Reality television has exploded onto our screens. The voyeuristic intent offered up by cameras and microphones invading, homes, stages, dates, kitchens and even jungles seems to be an ever-growing media opportunity that TV execs simply cannot stay away from. This commercial opportunity ensures programme models and content styles are constantly being reinvented to maintain relevance across multiple audiences. The stars or rather participants in these fly on the wall intrusions range from wannabe celebrities through to high profile individuals perhaps sliding towards undesirable obscurity. None the less we the public remain transfixed and as committed as ever to this type of cringe viewing entertainment no matter what genre it swallows and spits out.
Romance is always top of the agenda and in 2015 the public was first introduced to Love Island. Under normal circumstances a group of people being thrown together in a villa at the sea with sunshine and sangria doesn’t sound like much to make a reality tv show from, but the successes of shows like the Bachelor have demonstrated that where love is involved all bets are off. Add to this the selection, or rather recruitment process of those involved, all good looking well turned out 20 somethings with a ruthless ambition for fame and you have the makings of a hit. Who wins the public decides, based on boys and girls coupling up for the duration of the show, and cementing “lifelong” love affairs. Over a period of two months the public are invited to vote for the couple they wish to be expelled from paradise via premium SMS services and programme specific apps ultimately determining a winning couple who go on to Instagram fame for a period of 5 minutes.
A pretty face and a six pack are not necessarily a talent but for over 20 years our Saturday night viewing has always included a reality TV platform hell bent on discovering the next biggest pop star, boy or girl band any which could come from anywhere and prove that the spotlight can shine on anyone. Typically the majority of the contestants are talentless, hopeless dreamers consumed with the belief that they are the next Lady Gaga or Drake. In reality however what they don’t realize is it is them the no hopers who make for the best television. Producers take viewers on a journey via a plethora of sob stories with the ultimate aim of getting the public to vote for their favorite no matter how talented or talentless they are. We reach for our smart phones and text to vote, and discuss our preferences via social media and at office water coolers for weeks and months.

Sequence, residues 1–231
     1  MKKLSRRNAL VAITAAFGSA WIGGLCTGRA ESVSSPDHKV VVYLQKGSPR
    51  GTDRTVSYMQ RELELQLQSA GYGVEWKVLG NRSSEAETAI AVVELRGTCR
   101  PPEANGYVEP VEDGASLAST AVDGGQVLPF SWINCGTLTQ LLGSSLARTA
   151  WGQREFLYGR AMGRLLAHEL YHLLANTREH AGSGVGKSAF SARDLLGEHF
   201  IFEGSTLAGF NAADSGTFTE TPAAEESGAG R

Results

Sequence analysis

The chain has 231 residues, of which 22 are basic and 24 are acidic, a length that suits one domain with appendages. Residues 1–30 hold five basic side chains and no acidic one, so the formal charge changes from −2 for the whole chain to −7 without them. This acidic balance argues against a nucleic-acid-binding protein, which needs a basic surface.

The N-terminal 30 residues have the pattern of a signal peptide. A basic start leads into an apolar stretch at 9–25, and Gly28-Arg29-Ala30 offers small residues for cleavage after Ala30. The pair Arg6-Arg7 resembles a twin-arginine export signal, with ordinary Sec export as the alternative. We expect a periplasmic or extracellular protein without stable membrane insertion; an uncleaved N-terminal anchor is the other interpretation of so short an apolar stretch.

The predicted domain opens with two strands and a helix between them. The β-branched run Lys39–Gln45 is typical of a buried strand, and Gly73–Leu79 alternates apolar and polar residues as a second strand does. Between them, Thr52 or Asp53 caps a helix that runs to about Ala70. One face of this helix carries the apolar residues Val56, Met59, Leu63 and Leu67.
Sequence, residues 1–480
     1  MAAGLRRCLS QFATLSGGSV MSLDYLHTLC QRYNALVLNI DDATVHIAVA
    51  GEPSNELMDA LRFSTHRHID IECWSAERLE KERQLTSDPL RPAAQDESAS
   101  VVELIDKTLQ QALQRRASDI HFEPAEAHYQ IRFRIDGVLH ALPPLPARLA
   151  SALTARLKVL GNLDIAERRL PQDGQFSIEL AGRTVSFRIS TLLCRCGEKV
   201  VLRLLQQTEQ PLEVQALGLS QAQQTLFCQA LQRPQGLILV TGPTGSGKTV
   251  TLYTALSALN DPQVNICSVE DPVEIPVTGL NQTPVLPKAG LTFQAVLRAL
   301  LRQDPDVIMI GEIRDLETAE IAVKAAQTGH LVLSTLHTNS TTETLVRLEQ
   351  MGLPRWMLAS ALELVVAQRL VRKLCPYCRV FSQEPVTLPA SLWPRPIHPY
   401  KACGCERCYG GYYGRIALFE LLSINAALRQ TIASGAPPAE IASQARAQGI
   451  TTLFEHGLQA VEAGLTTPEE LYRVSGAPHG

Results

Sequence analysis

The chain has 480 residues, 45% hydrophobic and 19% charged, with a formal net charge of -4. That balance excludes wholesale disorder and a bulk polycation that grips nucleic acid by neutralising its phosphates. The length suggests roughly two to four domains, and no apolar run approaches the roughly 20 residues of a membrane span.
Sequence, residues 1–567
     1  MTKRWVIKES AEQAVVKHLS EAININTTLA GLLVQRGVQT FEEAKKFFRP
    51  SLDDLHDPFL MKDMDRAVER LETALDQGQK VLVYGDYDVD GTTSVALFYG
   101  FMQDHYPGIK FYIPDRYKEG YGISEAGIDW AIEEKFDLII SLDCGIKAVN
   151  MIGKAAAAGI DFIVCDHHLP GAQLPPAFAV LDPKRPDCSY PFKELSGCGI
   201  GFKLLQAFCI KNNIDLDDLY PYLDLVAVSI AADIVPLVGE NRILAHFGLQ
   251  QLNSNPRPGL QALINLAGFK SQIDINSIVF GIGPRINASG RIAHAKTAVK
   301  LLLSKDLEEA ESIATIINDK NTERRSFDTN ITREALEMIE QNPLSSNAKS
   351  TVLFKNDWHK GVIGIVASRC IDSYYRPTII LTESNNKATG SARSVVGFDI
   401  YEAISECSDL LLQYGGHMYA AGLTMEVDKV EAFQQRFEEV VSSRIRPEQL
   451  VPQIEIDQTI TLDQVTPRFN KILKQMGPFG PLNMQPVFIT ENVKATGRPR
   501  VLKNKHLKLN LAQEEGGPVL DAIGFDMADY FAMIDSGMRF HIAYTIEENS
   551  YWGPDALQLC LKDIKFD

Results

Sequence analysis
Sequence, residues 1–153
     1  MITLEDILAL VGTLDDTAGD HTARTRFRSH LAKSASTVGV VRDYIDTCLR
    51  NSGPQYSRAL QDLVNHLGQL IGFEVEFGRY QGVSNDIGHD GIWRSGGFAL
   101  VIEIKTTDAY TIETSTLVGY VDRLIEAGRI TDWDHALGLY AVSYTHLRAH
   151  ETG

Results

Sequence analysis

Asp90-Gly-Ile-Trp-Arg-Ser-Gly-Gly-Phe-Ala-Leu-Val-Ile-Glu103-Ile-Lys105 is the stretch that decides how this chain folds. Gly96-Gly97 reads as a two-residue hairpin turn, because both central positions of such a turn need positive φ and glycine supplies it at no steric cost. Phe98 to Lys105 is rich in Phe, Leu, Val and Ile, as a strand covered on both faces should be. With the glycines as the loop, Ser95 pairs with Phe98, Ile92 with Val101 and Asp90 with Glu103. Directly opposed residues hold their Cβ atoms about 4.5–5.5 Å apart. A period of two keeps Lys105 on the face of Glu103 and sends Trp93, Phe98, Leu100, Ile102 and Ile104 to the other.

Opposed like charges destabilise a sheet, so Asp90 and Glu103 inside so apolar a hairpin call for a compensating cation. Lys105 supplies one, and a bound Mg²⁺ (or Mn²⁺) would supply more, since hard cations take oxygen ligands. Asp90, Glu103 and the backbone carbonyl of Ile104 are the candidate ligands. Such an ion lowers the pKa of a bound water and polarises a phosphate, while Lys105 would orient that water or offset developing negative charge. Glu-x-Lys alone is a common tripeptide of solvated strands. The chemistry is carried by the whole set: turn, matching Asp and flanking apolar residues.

Celebrity is often short lived, but once tasted is often addictive. Imagine throwing 12 celebrities usually on the slippery slope to anonymity or perhaps having encountered financial hiccups into the Australian jungle surrounding them with cameras and opening them up to world warts and all. Not only are the celebrity contestants tasked with challenges that test their fears and phobias, but they are forced to dine on some of the most hideous menu items imaginable. Buried in a box of snakes, covered in spiders and forced to eat kangaroo privates whilst washing it all down with a pint of blended meal worm is what is undertaken in order to replenish the fame jar and bank balance. We the public can’t get enough of it, we watch in our millions and the contestants fight, fart and forage for fame. In the end it’s up to us who wins , and the commercial value of winning to a contestant can re invigorate a career. We, as we always do pick up our phones and send a premium SMS in the hope that our favorite will win.
It’s been 21 years since Craig Phillips a bricklayer, won the first ever series of Big Brother, at the time a unique television concept much like watching a fish swim around a bowl. Craig went on to secure a lucrative career as a TV personality, hosting several DIY and home improvement shows on a multitude of channels. The opportunity worked for Craig, as it has for the likes of One Direction and Olly Murs, it also jump started the careers of Harry Redknapp and Shane Ritchie so it’s not all superfluous mindless content. It should be remembered however that although the programme provided the platform, it was our text vote that secured the win.